1

integrate

for all values of x for which it is defined.

x

冮

Similarly

d x

1e 2 ex so

dx

冮e dx e c

x

x

When differentiating sine and cosine functions the following diagram was used and is

now extended:

Differentiate

S

C

S

C

Integrate

The integrals of other trigonometric functions can be found by reversing the basic rules

for differentiation, and will be discussed further in Chapter 15.

Standard results

Function

Integral ⴙ c

f(x)

冮f1x2 dx

xn 1n 12

xn1

n1

1

x

ex

sin x

cos x

ln x

ex

cos x

sin x

379

14 Integration 1

Example

Integrate sin x ex.

冮sin x e dx

x

cos x ex c

Example

Integrate

3

4 cos x.

x

冮 x 4 cos x dx

3

3 ln冟x冟 4 sin x c

Exercise 4

Integrate these functions.

2

1 x3

x

4 6 sin x 6x4

7

ex

5

7 sin x

3

2x

5

cos x

x

2 4ex sin x

3

5 8 sin x 7ex

6 5ex 2 sin x

8

3

x

ex

152x cos x

15

14.5 Anti-chain rule

When functions of the type 12x 12 5, e8x and sin¢2x

p

≤ are differentiated, the

3

chain rule is applied. The chain rule states that we multiply the derivative of the outside

function by the derivative of the inside function. So to integrate functions of these types

we consider what we started with to obtain that derivative.

Example

dy

12x 12 3. Find y.

dx

冮

So y 12x 12 3 dx

When integrating, 1 is added to the power, so y must be connected to

12x 12 4. Since we multiply by the power and by the derivative of the inside

function when differentiating, we need to balance this when finding y.

380

So y

1#1

12x 12 4 c

4 2

1y

1

12x 12 4 c

8

14 Integration 1

Example

Find

冮 cos 3x dx.

S

C

Using Diff

Int this begins with sin 3x.

S

C

Balancing to obtain cos 3x when differentiating

1

冮 cos 3x dx 3 sin 3x c

1

Example

Find

冮6e

4x

dx.

This started with e4x as

冮

d 4x

1e 2 4e4x.

dx

冮

So 6e4x dx 6 e4x dx

6#

1 4x

e c

4

3 4x

e c

2

Example

Find y given that

So y

As

dy

1

p

sin¢4x ≤.

dx

3x 4

2

冮3x 4 sin¢4x 2 ≤ dx

1

p

1

13x 42 1

3x 4

we recognize that this comes from ln冟3x 4冟 as

So y

d

3

1ln冟3x 4冟 2

.

dx

3x 4

1

p

1

ln冟3x 4冟 cos¢4x ≤ c

3

4

2

For these simple cases of the “anti-chain rule”, we divide by the derivative of the

inside function each time. With more complicated integrals, which will be met in

the next chapter, this is not always the case, and at that point the results will be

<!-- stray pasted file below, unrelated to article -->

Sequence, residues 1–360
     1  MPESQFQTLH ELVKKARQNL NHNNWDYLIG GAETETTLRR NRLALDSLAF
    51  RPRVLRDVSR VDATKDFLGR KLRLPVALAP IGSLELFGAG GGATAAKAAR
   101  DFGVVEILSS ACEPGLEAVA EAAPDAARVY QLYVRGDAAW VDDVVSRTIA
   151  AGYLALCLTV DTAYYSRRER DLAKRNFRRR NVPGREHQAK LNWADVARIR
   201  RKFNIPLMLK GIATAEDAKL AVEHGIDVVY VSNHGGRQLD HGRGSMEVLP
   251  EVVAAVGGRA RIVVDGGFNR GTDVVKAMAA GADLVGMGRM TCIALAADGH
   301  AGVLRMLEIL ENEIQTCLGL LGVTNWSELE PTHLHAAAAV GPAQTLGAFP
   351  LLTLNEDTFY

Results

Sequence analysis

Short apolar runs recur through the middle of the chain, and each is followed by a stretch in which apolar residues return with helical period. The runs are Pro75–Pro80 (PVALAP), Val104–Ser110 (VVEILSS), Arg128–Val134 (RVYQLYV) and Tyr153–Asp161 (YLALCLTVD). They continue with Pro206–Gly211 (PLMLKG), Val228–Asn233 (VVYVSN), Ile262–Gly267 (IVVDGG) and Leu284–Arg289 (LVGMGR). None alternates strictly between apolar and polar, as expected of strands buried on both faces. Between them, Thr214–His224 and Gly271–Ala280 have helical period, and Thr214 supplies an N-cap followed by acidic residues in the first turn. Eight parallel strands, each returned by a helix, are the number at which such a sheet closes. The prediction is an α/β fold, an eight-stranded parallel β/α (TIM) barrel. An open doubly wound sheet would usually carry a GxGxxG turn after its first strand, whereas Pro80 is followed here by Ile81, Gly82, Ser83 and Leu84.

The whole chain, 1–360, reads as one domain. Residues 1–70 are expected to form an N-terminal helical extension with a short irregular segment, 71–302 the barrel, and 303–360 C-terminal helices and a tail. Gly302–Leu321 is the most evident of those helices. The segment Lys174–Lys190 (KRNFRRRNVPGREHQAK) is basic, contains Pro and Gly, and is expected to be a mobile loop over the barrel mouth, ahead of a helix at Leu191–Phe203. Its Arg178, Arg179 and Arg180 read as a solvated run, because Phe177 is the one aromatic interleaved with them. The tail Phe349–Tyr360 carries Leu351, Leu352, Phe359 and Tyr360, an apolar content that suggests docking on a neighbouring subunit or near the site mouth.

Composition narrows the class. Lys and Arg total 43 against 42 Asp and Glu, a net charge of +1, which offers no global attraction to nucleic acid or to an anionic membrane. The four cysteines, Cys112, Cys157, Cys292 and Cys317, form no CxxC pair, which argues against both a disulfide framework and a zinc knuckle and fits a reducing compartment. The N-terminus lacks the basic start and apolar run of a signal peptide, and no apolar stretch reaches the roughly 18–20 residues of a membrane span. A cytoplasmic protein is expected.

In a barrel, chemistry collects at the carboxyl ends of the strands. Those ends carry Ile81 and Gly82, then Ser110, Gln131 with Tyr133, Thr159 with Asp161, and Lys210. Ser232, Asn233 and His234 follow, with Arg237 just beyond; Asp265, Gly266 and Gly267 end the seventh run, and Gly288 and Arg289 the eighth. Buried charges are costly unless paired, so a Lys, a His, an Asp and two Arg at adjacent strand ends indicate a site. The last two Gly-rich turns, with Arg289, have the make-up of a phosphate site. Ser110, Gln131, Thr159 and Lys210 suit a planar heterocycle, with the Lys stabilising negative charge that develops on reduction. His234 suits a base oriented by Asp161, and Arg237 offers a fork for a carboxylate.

formalized. This is why it is useful to consider these integrals as the reverse of

differentiation.

381

14 Integration 1

Exercise 5

Find these integrals.

1

5

9

13

冮 sin 5x dx

冮8 cos 4x dx

冮e dx

冮8x e dx

5x

2x

2

6

10

14

冮 cos 6x dx

冮6 sin 3x dx

冮4e dx

冮4e dx

4x

3

7

11

冮 sin 2x dx

冮5 cos 2x dx

冮8e dt

6t

4

8

12

冮 sin 2 x dx

冮e dx

冮5e dp

1

6x

6p

2x

Find y if:

dy

1

dx

2x 3

dy

13x 12 5

18

dx

dy

21

13 2x2 4

dx

15

dy

4

dx

3x 1

dy

3

27

dt

6t

24

dy

1

dx

8x 7

dy

14x 72 6

19

dx

dy

4

22

dx

13x 22 3

dy

4

dx

2x 5

dy

14x 32 3

20

dx

dy

3

23

dt

12t 12 2

16

25

17

dy

6

dx

3x 5

26

dy

8

dp

4p

Integrate these functions.

28 6e4x

1

13x 42 5

31

2x 1

30 4e8x 4 cos 2x

sin 3x 4x

2

32 6x2

3x 2

29

14.6 Definite integration

Definite integration is where the integration is performed between limits, and

this produces a numerical answer.

Upper limit 1x b2

b

A definite integral is of the form

冮 f1x2 dx

a

Lower limit 1x a2

Example

3

冮 2x 1 dx

2

c x2 x d

3

2

382

This notation means that the

integration has taken place.

The two values are now

substituted into the function

and subtracted.

When a definite integral

is created, the lower

limit is always smaller

than the upper limit.

14 Integration 1

132 32 122 22

62

4

There is no constant of integration used here. This is because it cancels itself out

and so does not need to be included.

c x2 x c d

3

2

132 3 c2 122 2 c2

6c2c

4

Example

4

冮 12x 32

2

dx

0

4

1

B 12x 32 3R

6

0

1

1

18 32 3 ¢ 10 32 3≤

6

6

125

27

6

6

152

6

76

3

Example

p

4

0

冮 sin 2x 1 dx

p

4

1

B cos 2x xR

2

0

1

p

p

1

¢ cos ≤ ¢ cos 0 0≤

2

2

4

2

p

1

4

2

p2

4

To differentiate trigonometric

functions, we always use

radians, and the same is true